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Project Introduction





Quorum sensing is a process where cells communicate through the production and detection of autoinducer molecules. These chemical signals orchestrate and synchronize bacterial activities, as they allow information to be relayed throughout cell networks. As a result, prokaryote cell communities are comparable to a multi-cellular organism.

Quorum sensing is extremely imperative to the cooperative behaviour of cells as it allows individual bacteria to alter their activities depending on the population density of the community.


“Bacteria detect the accumulation of a minimal threshold stimulatory concentration of these autoinducers and alter gene expression, and therefore behaviour, in response.”(Waters and Bassler, 2005)


John Conway’s Game of Life, a popular representation of cellular automata, can be modelled as a demonstration of quorum sensing.  The game involves a network of cells whose ‘on/off’ status is dependent on the state of their neighbouring cells. As a zero player game, the system proceeds without further input once initiated. This model can be translated into a biological system by designing prokaryotic cells that fluoresce in response to a threshold level of an autoinducer. Addition of the chemical IPTG to designated cells initiates the system and will cause the production of autoinducer molecules. When left to its own devices, the cell network will produce a variety of patterns, showing which cells are currently emitting fluorescent light.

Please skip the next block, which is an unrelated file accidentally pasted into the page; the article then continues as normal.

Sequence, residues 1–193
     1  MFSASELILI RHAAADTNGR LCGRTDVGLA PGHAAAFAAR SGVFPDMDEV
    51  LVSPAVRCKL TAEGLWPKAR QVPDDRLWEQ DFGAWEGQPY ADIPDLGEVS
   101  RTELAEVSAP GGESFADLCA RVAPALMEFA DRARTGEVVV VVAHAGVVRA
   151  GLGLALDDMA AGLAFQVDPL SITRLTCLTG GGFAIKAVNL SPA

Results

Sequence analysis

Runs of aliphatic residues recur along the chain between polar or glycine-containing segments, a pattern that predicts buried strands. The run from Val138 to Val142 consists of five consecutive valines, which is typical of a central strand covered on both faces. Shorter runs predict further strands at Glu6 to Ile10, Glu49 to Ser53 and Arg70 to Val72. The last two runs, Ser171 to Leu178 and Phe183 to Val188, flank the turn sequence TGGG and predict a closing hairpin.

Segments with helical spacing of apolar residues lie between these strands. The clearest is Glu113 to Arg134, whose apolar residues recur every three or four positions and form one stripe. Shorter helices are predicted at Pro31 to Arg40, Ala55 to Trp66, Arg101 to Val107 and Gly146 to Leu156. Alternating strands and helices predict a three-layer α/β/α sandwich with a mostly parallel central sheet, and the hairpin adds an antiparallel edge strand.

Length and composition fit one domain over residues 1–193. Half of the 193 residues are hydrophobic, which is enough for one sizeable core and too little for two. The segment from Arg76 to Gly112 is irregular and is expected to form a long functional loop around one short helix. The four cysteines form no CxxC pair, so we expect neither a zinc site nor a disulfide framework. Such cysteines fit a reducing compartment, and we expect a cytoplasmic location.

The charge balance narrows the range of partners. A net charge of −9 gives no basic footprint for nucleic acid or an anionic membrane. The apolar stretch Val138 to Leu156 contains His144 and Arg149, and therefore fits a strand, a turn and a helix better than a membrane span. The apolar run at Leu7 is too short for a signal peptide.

The Game of Life system is an illustration of the quorum sensing process but a second model can show a practical application of quorum sensing, demonstrating how it can induce negative, positive or neutral behaviour in a cellular community.

Rock-Paper-Scissors has been used as a metaphor to portray 3 rival cells that compete for survival. Each bacterium produces an auto-inducer that only affects the behaviour of one opponent cell, hence showing the specificity of quorum sensing.


Our proposed Rock Paper Scissors system.


Cell-to-cell interactions are not completely understood, especially within complex cellular ecosystems such as biofilms; therefore it is our aim to exploit the quorum sensing process to engineer specific interactions between bacterial species. We aim to generate complex spatio-temporal patterns to visualise the effects of quorum sensing and to track the cell interactions within the community. Also, selective patterning of the different 'species' will allow for new 'racetrack' or 'playing field' type of interactivity.



WATERS, C. M. & BASSLER, B. L. (2005) Quorum sensing: cell-to-cell communication in bacteria. Annu Rev Cell Dev Biol, 21, 319-46.


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